The traditional movie watching experience is alive and well at TIFF. You still have the big screens, the surround-sound system and the popcorn to feed the masses, but there are signs that the film watching experience is moving in a new direction. Just look at the six virtual-reality short films being screened at the Bell VR Theatre. "It's certainly a new exciting medium," said Brandon Oldenburg, who curated the films.
Anthony Chester watched his son battle an addiction for years, a fatal illness that began with oxycontin and ended with heroin on July 28. "He was in such pain, emotional and physical pain," Chester said of his son's struggle. Tyler Marshall was 31 when he died of the suspected overdose inside a construction site in Toronto. And his death comes amid a spate of fatal overdoses this summer — something that propelled the city to speed up the launch of its supervised injection sites.
The defence lawyer for a Toronto police officer facing disciplinary charges for the alleged unlawful arrest of a group of teenagers, says the main complainant in the case was belligerent and spat in the officer's face on the night of Nov. 21, 2011. On Wednesday, Const. Adam Lourenco's lawyer Lawrence Gridin continued with his cross-examination of the main complainant. Last week, the young man testified that Lourenco and his partner Const.
Muck Rack makes it simple to find people, tweets, or articles that mention any name, keyword, company, hashtag etc. We've compiled this guide to help you make the most of your search.
Selecting a term
Start searching tweets, articles from media outlets, articles mentioned in tweets, journalists'
names, titles and bios with some suggested searches:
Companies or Topics (e.g. iPhone, Microsoft)
Phrases (e.g. "cloud computing") — use quotes to keep the terms together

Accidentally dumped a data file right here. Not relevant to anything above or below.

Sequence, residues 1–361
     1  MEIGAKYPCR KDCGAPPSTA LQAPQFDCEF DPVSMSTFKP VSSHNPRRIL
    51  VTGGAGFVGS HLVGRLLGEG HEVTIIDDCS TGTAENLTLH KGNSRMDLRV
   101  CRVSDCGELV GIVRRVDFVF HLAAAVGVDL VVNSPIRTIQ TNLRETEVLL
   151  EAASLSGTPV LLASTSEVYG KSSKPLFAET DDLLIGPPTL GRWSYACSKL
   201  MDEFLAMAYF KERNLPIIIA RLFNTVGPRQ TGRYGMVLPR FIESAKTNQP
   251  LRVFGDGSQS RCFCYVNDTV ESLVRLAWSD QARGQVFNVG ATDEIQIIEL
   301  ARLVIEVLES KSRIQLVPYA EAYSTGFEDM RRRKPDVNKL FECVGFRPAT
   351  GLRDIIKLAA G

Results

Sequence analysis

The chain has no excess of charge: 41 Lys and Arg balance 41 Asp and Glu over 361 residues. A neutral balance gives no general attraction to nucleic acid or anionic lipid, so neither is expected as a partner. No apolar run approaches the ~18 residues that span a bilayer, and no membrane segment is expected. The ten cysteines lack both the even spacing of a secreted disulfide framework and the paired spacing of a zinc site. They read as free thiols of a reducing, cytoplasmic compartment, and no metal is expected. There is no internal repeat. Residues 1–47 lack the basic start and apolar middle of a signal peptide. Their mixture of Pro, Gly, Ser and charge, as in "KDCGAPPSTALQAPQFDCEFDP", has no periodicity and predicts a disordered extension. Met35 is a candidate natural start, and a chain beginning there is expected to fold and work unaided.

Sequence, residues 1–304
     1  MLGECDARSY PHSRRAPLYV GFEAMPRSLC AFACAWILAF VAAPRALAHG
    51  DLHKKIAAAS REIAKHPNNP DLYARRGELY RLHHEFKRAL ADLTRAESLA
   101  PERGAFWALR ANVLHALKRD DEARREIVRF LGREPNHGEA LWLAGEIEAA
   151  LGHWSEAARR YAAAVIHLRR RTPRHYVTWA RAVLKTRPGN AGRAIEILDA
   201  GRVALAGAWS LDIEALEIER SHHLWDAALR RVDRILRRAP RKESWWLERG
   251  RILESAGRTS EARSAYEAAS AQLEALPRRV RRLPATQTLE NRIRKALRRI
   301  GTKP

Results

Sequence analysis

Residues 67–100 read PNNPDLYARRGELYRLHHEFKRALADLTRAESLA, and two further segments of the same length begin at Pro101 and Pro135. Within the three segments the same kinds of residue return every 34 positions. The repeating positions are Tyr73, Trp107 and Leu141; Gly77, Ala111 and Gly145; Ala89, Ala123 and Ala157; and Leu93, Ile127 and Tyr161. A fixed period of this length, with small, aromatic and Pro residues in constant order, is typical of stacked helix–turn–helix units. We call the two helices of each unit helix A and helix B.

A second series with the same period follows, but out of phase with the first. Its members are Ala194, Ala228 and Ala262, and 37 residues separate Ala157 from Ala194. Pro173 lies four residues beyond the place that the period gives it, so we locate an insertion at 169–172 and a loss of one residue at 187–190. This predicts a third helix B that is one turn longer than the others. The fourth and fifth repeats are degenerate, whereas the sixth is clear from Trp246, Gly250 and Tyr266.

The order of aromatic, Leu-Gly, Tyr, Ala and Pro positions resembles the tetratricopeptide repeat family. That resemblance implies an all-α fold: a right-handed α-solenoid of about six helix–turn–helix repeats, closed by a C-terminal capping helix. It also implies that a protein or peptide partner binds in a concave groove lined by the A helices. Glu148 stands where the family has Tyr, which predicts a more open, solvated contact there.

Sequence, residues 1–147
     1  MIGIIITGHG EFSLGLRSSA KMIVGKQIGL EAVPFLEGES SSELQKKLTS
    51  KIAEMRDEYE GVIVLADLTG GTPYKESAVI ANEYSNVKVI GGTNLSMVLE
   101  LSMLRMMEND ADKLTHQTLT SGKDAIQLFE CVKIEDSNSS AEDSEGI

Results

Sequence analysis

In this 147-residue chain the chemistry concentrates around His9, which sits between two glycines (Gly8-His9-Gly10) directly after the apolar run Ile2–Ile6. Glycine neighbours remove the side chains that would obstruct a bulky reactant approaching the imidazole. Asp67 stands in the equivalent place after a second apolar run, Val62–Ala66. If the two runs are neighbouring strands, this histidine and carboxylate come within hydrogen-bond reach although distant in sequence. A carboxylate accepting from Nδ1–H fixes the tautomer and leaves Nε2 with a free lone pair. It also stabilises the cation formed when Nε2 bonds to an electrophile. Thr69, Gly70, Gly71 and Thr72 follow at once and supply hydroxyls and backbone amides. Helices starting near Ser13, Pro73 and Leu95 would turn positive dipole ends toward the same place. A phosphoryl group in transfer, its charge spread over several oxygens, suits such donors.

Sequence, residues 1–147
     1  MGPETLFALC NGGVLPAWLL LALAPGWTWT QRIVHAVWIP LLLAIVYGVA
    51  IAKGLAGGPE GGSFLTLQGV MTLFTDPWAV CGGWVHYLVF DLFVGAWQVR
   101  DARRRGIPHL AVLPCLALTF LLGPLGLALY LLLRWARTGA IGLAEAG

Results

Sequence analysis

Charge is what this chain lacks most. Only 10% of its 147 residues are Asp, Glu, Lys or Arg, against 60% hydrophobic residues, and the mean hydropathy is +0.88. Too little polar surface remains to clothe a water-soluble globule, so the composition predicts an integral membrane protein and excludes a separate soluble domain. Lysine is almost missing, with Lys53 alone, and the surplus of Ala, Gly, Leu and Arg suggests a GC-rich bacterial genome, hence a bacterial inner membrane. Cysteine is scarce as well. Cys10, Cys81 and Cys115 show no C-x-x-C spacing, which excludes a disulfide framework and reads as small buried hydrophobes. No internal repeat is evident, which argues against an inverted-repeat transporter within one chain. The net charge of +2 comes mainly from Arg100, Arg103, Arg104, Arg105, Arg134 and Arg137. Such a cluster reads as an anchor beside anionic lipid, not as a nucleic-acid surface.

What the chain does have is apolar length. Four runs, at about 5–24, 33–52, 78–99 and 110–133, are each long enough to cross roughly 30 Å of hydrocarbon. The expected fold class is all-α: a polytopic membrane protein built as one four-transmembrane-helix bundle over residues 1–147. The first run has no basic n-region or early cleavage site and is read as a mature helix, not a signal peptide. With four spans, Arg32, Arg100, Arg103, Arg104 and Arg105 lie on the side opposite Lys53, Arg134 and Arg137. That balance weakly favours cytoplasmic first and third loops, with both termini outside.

Twitter handles (e.g. @username) — returns those who have mentioned or replied to
Names (e.g. "David Pogue")
Hashtags (e.g. #sxsw, #london2012)
Bio details (e.g. vegan, Olympics, father)
Muck Rack's Advanced Search allows for many boolean operators.
Find results that mention multiple specified terms, use AND or
+. For example, ensure each result contains both Elon Musk and Mark Zuckerberg by
searching Obama AND Romney or Obama + Romney.
Use the operators OR or , to broaden your search when you'd like either of
multiple terms to appear in results. (This is the default behavior of our search when no operators
are used.) For example, search for democrat OR republican to find results that refer to
Democrats and/or Republicans.
Use NOT or - to subtract results from your search. For
example, searching Disney will yield results about the Walt Disney Company as well as Walt Disney
World Resort. To exclude mentions of Disney World, search for Disney -World or Disney
When using one of these operators with a phrase, enclose it in quotation marks. For example, you can
find results about smartphones excluding Apple's iPhone 4S by searching smartphone -"iPhone
Exact case matching or punctuation
If you're searching for a brand name or keyword that relies on specific punctuation marks or capitalization, you can
find results that match your exact query by adding matchcase: before the keyword you're searching for, like matchcase:E*TRADE .
Use parentheses to separate multiple
boolean phrases. For example, to find journalists talking about having fun in Disney World or
Disneyland, search for ("disney world" OR disneyland) AND fun.
An asterisk can be used to search for any variation of a root word truncated by the asterisk. For example, searching for admin* will return results for administrator, administration, administer, administered, etc.
A near operator is an AND operator where you can control the distance between the words. You can vary the distance the near operation uses by adding a forward slash and number (between 0-99) such as strawberries NEAR/10 "whipped cream", which means the strawberries must exist within 10 words of "whipped cream".